"A battery is not enough, you also need to manage energy smartly"
A dossier by KBC in partnership with Tijd Connect
Bright Energy is replacing polluting diesel generators on construction sites with batteries. Often there is only a limited grid connection available to meet a large energy demand, and then a battery can provide the solution. Batteries allow optimum control the consumption by machines, electric vehicles and site huts. A leasing line from KBC allowed the Ghent-based company to start production. 'Innovative companies require innovative finance.'
When Arne Van Acker was aged 23, he convinced his father to install a home battery. "It quickly became apparent that that wasn’t the smartest move financially," he laughs. "But I didn't want to admit that, so I did everything I could to make that battery pay for itself." He designed a control system to optimise power consumption in the household, and succeeded in halving the family’s energy bills two years in a row.
Today, seven years later, he runs the company Bright Energy together with his brother Sam and his sister Lisse.
The company builds batteries and develops the associated software for construction sites. Those sites often have limited access to the electricity grid, but are also energy-intensive, with high peak consumption when the tower crane is operating, for example. They therefore often use diesel generators, but they are both polluting and noisy. "Moreover, they run on fuel oil, which has more than doubled in price since the energy crisis," says Arne.
At a glance
Bright Energy's battery unit acts as a buffer between the grid and the site. It charges when consumption and tariffs are low, and supplies energy when the site needs it. "Batteries are only viable if you monitor and control them smartly - brightly ," says Sam. "Customers can also enter all their machines and site huts on an online platform, so they can view and adjust their consumption. Day-ahead prices and capacity tariffs are also included in our algorithm. That saves the customer a lot of money."
Over the past four years, Bright Energy has seen a sea-change in sentiment in the construction industry.
Lots of companies didn’t even know how much energy they were consuming. Today, all construction companies realise that electrification is coming, including for their vehicles and excavators. We can therefore supply a charging station to go with the battery, so that vehicles can be charged at the most convenient times, with priority for those who need to leave again quickly.
Sam Van Acker, co-founder of Bright Energy
Bank that works with you
It was not easy for the three siblings to raise the finance for their idea. "We are an atypical start-up because we needed asset financing right away," says Lisse. "We approached several banks and received proposals for traditional loans but couldn’t find any that were able to work with us to find a solution. KBC proved to be the exception."
And that’s no coincidence, says Thomas Smet, Commercial Banking relationship manager at KBC. "Through Start-It@KBC, our accelerator for young, innovative companies, we are in touch with the needs of start-ups," he says. Bright Energy was referred to him by the Community Manager at Start-It@KBC. "We are increasingly developing tailor-made solutions for young companies, even when they may not yet appear to be fully bankable. They are often innovative companies, which therefore also require innovative financing."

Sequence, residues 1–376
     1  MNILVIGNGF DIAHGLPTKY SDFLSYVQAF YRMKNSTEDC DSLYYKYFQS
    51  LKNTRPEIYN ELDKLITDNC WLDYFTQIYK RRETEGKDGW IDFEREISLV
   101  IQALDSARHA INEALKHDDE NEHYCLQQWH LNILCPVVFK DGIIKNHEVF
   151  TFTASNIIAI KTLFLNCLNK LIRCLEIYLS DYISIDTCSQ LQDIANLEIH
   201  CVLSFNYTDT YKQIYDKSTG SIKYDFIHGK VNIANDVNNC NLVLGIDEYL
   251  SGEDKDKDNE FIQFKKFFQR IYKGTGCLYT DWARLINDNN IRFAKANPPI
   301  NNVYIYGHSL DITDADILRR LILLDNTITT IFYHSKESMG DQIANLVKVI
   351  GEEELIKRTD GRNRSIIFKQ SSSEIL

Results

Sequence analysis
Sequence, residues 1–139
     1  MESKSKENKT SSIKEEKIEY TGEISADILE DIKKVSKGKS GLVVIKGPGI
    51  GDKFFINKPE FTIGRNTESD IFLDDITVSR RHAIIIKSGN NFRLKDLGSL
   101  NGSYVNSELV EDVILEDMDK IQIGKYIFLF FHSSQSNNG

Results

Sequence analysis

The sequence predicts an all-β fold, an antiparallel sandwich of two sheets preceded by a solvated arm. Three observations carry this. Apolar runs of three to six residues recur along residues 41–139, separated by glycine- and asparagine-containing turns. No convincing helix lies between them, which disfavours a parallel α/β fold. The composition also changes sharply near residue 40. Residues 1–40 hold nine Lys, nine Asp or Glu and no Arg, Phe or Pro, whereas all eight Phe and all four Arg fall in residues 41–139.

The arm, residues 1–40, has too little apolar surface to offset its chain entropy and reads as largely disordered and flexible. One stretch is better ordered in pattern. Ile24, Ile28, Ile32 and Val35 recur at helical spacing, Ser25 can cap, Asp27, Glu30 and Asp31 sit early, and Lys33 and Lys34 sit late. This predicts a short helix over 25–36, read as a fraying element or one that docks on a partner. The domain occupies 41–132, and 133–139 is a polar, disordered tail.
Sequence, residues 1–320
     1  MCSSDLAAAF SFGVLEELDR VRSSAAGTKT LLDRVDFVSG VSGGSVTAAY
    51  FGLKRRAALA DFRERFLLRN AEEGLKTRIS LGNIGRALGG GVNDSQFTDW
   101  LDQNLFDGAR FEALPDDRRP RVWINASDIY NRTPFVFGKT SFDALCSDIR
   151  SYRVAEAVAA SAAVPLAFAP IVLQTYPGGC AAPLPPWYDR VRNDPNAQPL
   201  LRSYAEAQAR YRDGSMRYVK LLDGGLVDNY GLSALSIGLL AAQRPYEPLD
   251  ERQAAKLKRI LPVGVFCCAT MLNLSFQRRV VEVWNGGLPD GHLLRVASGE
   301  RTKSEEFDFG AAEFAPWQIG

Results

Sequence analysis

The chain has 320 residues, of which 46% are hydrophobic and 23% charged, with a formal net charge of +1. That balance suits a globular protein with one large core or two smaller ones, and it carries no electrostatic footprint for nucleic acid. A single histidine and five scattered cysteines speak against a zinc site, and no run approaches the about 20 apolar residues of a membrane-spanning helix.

We don't believe in a one size fits all approach; we look at each case and each individual risk to see what we consider acceptable.
Thomas Smet, Commercial Banking relationship manager at KBC
A leasing arrangement was chosen for Bright Energy, where the bank is the legal owner of the units but the company has the right to use them and can buy them at the end of the contract. To achieve For that, we had to allow some exceptions to our own rules. The insurance also wasn’t straightforward, but we wanted everything to be in order, down to the last detail. We don't believe in a one size fits all approach; we look at each case and each individual risk to see what we consider acceptable. That’s a narrative we believe in.
An initial line of credit provided 11 units for rental to construction sites, which need them for an average of one year. Thanks to a second line of credit, the company is now expanding to 40 units, which are also for rental. They also plan to start selling batteries.
Festivals and SMEs
For now, Bright Energy is continuing to focus on construction sites, with the potential expansion to other countries, where it can make use of KBC Commercial Banking's international network. At the same time, the company also sees potential for deploying its solutions in other sectors. "An example is festivals, which need a lot of energy at remote sites," says Lisse. "Another potential avenue is SMEs that are looking to charge their forklift trucks at night using energy generated by their solar panels.
Plans are also in the pipeline for temporary rapid-charging stations where the existing grid is insufficient to meet the need. We have also already rented a unit to a new bakery in Ghent which couldn’t draw enough energy from the grid to power its ovens. Thanks to our solution, the business still opened on time."